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Normans and Saxons [electronic resource] : southern race mythology and the intellectual history of the American Civil War / Ritchie Devon Watson, Jr.

By: Watson, Ritchie Devon.
Material type: TextTextSeries: Southern literary studies: Publisher: Baton Rouge : Louisiana State University Press, c2008Description: 1 online resource (286 p.).ISBN: 9780807134337 (electronic bk.); 0807134333 (electronic bk.).Subject(s): Southern States -- Intellectual life -- 19th century | American literature -- Southern States -- History and criticism | Rhetoric -- Political aspects -- Southern States -- History -- 19th century | Southern States -- Politics and government -- 1775-1865 | Race -- Political aspects -- Southern States -- History -- 19th century | Anglo-Saxon race -- History -- 19th century | North and south | United States -- History -- Civil War, 1861-1865 -- Causes | Confederate States of America -- Politics and government | Confederate States of America -- Intellectual life | HISTORY -- State & Local -- GeneralGenre/Form: Electronic books.Additional physical formats: Print version:: Normans and Saxons.DDC classification: 973.6 Online resources: EBSCOhost
Contents:
Introduction: The Brooks-Sumner Caning Incident: Slavery, Honor, and the American Cultural Divide; 1. Race Mythology, Science, and Southern Nationalism; 2. Ivanhoe, Race Myth, and the Walter Scott Cultural Syndrome; 3. A Slaveholding Race: Mythology and Southern Polemics; 4. Race Mythology and Antebellum Fiction; 5. A Universal Yankee Nation: Northern Racial Mythmaking; 6. A Proud, High-Toned People Repudiate the Scum of the North; 7. Northern Vandals versus Southern Ruffians; 8. Poetry Fights the Civil War.
Summary: When Representative Preston Brooks of South Carolina savagely caned Senator Charles Sumner Massachusetts on the floor of the U.S. Senate on May 21, 1856, southerners viewed the attack as a triumphant affirmation of southern chivalry, northerners as a confirmation of southern barbarity. Public opinion was similarly divided nearly three-and-a-half years later after abolitionist John Brown's raid on the Federal arsenal at Harper's Ferry, Virginia, with northerners crowning John Brown as a martyr to the cause of freedom as southerners excoriated him as a consciousness fanatic. These events opened.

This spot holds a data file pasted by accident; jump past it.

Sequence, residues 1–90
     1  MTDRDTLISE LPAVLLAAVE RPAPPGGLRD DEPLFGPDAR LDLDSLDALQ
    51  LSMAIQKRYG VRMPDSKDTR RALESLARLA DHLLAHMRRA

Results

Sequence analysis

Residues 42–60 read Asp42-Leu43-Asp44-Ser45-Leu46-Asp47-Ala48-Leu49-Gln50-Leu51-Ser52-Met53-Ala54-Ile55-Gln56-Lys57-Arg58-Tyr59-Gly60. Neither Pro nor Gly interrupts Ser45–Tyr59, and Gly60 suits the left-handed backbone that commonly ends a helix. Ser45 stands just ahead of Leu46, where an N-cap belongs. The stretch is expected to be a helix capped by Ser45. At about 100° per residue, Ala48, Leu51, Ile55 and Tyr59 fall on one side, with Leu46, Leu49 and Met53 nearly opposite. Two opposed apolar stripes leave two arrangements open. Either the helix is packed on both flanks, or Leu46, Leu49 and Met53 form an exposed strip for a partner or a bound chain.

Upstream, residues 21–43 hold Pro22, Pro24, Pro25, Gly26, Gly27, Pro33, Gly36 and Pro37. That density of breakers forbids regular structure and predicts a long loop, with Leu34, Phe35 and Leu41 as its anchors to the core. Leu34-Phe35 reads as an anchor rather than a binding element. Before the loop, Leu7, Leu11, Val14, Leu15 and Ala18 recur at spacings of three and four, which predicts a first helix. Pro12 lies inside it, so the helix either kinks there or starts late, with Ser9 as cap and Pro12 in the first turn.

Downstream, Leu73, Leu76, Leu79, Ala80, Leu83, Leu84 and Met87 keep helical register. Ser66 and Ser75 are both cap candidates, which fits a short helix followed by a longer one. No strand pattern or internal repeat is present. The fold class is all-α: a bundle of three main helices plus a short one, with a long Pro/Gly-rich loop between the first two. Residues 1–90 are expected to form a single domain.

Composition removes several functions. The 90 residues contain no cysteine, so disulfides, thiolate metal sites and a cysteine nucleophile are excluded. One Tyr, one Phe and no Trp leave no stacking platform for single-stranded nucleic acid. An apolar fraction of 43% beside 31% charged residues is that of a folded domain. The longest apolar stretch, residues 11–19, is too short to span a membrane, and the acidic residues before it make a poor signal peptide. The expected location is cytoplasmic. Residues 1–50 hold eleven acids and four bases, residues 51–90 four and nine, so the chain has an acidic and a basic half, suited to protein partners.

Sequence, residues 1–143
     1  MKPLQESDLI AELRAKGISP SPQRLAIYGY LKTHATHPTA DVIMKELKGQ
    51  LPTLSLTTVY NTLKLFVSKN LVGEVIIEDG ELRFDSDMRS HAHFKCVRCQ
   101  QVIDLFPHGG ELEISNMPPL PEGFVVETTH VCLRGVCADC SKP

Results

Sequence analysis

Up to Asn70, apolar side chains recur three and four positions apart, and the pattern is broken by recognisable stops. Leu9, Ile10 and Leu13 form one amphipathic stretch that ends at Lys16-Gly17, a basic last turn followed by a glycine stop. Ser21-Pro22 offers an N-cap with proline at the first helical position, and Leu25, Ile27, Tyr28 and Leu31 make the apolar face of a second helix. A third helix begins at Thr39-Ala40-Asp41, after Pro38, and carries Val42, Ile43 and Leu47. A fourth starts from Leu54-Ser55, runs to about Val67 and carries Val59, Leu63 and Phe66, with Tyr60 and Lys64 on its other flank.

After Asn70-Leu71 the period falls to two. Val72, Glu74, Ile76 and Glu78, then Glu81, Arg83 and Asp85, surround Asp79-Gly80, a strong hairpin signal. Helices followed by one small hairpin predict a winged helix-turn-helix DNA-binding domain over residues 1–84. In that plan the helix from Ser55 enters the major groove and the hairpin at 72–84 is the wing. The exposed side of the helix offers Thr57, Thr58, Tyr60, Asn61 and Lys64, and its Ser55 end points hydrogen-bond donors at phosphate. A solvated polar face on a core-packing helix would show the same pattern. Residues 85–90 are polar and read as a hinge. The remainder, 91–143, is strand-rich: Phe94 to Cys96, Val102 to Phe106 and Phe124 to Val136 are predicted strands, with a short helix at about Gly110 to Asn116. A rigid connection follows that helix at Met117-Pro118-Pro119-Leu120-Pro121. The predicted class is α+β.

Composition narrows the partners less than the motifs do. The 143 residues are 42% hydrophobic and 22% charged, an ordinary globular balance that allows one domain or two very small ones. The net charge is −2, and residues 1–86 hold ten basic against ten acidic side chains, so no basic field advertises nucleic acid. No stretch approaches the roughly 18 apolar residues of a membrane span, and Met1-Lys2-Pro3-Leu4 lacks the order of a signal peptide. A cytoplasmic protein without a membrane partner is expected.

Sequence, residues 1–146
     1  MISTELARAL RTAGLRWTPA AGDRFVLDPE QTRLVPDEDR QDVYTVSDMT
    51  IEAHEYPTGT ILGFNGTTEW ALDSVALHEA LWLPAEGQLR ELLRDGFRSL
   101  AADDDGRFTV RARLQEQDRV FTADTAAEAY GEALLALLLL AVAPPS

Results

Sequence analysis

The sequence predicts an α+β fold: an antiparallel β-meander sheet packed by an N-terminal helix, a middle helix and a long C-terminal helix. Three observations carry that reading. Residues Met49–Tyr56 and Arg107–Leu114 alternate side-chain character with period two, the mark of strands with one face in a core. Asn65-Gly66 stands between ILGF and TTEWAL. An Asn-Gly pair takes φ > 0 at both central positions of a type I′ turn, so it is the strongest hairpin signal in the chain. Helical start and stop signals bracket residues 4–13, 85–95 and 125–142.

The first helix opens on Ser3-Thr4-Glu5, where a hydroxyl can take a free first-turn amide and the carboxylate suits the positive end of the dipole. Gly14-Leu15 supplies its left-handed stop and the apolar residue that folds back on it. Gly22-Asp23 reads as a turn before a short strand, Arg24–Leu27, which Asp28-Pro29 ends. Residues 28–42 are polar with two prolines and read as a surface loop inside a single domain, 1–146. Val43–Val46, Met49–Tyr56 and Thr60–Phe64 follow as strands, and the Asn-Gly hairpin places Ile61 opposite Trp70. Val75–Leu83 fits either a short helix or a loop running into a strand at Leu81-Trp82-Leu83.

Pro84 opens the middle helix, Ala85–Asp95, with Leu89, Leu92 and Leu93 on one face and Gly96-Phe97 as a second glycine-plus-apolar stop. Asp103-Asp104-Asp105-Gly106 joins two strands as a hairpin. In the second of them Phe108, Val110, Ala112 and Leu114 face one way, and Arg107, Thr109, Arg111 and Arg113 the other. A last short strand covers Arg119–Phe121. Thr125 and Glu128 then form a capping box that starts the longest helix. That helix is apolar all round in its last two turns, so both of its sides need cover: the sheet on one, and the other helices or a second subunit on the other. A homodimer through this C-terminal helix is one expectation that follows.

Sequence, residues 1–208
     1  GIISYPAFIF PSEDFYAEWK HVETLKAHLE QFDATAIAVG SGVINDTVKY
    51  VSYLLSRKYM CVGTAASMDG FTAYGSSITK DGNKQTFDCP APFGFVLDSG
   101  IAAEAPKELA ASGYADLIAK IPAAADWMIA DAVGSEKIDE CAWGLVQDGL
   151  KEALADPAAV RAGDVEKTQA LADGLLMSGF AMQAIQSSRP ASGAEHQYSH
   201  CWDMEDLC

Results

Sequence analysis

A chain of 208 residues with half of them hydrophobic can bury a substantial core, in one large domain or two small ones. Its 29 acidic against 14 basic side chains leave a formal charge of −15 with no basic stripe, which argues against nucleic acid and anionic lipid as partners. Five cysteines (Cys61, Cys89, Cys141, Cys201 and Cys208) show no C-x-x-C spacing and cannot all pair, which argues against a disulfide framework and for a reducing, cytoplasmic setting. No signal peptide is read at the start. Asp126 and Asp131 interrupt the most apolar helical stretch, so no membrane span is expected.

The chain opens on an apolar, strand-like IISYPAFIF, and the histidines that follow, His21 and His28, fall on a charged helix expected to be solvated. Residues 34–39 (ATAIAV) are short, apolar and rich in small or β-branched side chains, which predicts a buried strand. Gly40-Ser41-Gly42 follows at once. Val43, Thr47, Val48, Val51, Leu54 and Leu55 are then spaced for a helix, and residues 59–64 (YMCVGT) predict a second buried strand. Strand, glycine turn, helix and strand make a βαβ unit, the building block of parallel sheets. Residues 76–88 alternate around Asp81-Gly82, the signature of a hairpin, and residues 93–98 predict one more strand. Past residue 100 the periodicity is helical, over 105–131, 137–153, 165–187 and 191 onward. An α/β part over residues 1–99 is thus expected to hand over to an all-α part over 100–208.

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Includes bibliographical references and index.

Introduction: The Brooks-Sumner Caning Incident: Slavery, Honor, and the American Cultural Divide; 1. Race Mythology, Science, and Southern Nationalism; 2. Ivanhoe, Race Myth, and the Walter Scott Cultural Syndrome; 3. A Slaveholding Race: Mythology and Southern Polemics; 4. Race Mythology and Antebellum Fiction; 5. A Universal Yankee Nation: Northern Racial Mythmaking; 6. A Proud, High-Toned People Repudiate the Scum of the North; 7. Northern Vandals versus Southern Ruffians; 8. Poetry Fights the Civil War.

When Representative Preston Brooks of South Carolina savagely caned Senator Charles Sumner Massachusetts on the floor of the U.S. Senate on May 21, 1856, southerners viewed the attack as a triumphant affirmation of southern chivalry, northerners as a confirmation of southern barbarity. Public opinion was similarly divided nearly three-and-a-half years later after abolitionist John Brown's raid on the Federal arsenal at Harper's Ferry, Virginia, with northerners crowning John Brown as a martyr to the cause of freedom as southerners excoriated him as a consciousness fanatic. These events opened.

Description based on print version record.

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